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(CNN) -- The University of Florida Faculty Senate approved a no-confidence resolution Thursday on the selection process to appoint US Sen. Ben Sasse as the next president, officials said.
The 67 to 15 vote comes after Sasse, a Republican senator from Nebraska, became the only person considered for the high-ranking position at one of Florida's largest universities. His candidacy sparked controversy on campus partially due to his 2015 comments on LGBTQ+ rights after the US Supreme Court ruledto guarantee same-sex marriage at the federal level.
When pressed about the comments during an on-campus forum earlier this month, Sasse said the decision was "the law of the land," adding that it wasn't going to change in the near future, The Independent Florida Alligator reported.
When asked about promoting diversity at the university, Sasse said, "I want us to figure it out by listening to our community and our conversation, who is not feeling included and how do we tackle those problems and reduce those barriers," according to the Alligator.
Following the high court's landmark decision on same-sex marriage, Sasse took the stance that only a man and a woman should get married and create a family.
"The Supreme Court once again overstepped its Constitutional role by acting as a super-legislature and imposing its own definition of marriage on the American people rather than allowing voters to decide in the states," Sasse said in a June 2015 statement that remains on his official government website.
The emergency meeting Thursday included an extensive discussion on the selection process for president, including requests for more clarity on the process. Ultimately, the faculty senate voted to approve the no-confidence resolution.
The vote is symbolic and will not impact the UF Board of Trustees final vote scheduled for November 1. The university has said it will enforce its rule to not allow protests inside the buildings on campus.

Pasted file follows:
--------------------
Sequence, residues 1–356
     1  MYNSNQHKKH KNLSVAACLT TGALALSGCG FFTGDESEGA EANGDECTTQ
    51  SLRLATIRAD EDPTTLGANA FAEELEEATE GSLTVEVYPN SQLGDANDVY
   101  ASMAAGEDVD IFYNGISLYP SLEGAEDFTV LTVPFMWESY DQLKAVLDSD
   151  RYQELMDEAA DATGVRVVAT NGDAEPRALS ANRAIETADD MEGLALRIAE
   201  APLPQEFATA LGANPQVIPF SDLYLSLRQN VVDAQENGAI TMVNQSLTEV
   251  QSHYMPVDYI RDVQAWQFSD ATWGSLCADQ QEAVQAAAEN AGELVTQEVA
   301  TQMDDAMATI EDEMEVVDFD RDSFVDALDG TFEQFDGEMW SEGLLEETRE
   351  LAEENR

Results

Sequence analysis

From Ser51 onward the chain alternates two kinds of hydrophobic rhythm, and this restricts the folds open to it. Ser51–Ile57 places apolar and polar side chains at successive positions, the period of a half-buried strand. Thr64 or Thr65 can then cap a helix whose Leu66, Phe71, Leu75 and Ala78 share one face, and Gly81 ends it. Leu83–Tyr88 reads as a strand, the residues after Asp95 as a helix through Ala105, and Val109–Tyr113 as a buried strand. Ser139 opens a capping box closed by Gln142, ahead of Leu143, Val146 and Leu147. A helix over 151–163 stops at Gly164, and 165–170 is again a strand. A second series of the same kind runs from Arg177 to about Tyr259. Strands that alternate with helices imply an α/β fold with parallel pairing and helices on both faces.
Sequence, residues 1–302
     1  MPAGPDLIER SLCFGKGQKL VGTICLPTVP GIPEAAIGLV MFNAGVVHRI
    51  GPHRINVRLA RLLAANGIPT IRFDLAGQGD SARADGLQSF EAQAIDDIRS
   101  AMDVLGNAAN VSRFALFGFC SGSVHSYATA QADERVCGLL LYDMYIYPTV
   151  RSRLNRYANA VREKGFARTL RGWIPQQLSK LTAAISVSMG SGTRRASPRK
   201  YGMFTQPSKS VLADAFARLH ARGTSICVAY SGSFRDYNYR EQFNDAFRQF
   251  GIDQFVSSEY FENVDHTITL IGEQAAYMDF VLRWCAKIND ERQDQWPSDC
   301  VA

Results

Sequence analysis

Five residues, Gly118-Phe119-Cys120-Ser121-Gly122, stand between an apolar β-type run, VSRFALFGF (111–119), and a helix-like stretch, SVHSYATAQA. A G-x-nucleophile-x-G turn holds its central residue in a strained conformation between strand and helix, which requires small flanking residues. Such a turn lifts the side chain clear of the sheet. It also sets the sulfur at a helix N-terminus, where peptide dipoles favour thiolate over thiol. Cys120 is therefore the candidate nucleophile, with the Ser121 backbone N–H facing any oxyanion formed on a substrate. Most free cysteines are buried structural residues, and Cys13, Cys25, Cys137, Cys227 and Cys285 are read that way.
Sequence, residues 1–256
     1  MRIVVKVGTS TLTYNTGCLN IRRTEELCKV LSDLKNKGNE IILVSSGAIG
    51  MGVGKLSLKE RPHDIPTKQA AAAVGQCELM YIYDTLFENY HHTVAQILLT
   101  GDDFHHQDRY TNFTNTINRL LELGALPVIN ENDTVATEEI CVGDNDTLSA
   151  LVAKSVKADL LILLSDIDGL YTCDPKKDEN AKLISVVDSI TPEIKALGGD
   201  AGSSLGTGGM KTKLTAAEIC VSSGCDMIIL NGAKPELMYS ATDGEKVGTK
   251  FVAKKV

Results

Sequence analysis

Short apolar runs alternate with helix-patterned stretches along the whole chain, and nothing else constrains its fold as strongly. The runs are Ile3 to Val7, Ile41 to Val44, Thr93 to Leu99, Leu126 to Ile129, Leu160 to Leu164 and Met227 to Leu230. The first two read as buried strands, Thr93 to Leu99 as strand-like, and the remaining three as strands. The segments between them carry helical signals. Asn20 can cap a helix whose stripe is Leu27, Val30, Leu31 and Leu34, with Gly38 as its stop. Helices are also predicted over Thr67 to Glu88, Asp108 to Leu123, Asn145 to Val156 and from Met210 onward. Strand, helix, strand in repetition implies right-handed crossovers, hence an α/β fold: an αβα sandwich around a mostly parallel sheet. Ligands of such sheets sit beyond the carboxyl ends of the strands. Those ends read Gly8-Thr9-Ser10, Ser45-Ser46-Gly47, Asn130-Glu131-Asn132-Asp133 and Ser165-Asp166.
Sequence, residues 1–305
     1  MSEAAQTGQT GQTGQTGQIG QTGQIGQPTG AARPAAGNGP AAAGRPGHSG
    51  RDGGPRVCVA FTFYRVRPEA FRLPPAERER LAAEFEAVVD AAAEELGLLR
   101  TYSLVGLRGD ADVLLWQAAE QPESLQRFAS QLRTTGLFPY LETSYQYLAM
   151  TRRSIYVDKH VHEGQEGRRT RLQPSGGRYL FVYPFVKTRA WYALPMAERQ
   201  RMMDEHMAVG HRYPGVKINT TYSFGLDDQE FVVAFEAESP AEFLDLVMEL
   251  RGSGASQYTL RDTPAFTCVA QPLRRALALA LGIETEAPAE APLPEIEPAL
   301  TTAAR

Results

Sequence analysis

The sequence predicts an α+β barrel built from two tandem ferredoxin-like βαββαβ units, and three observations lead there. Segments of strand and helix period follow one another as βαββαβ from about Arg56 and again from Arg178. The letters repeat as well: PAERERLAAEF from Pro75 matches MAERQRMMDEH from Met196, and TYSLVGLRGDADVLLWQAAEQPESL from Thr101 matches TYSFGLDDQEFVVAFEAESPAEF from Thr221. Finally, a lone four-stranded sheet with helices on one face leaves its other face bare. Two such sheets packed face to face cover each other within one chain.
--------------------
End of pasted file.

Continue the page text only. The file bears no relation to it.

CNN reached out to Sasse's office for comment.
Selection process scrutinized
Members of the faculty senate also heard from three faculty members who served on the Board of Trustees selection committee that unanimously supported Sasse's appointment.
Dr. Lisa Lundy, a professor with the School of Agricultural Education and Communication, served on the search committee and explained how Sasse became the sole candidate when other candidates decided they didn't want to be named publicly unless they were the sole finalist.
"I think the situation was that all of the candidates were in positions that they felt could be compromised if people found that they were in the running for another job," Lundy said.
At least one attendee asked if the LGBTQ+ community came up in the interview discussions with Sasse.
Dr. David Bloom, another member of the selection committee, said that was the first question that he asked Sasse.
According to Bloom, Sasse said he was "supporting his constituency in Nebraska, but he would be supporting the constituency of the faculty, staff, the students at UF if he were to become president." Bloom added that he felt the responses were genuine.
After the discussion, many expressed a desire for more transparency in the selection process, acknowledging that a new state law creates a challenge in disclosing the identities of the applicants throughout the selection process.
Before his election to the US Senate in 2014, Sasse was president of Midland University, a Lutheran liberal arts school in Nebraska with an enrollment of about 1,600.
Earlier this month, a source told CNN that Sasse would resign by the end of the year to take on the role at the Florida university.
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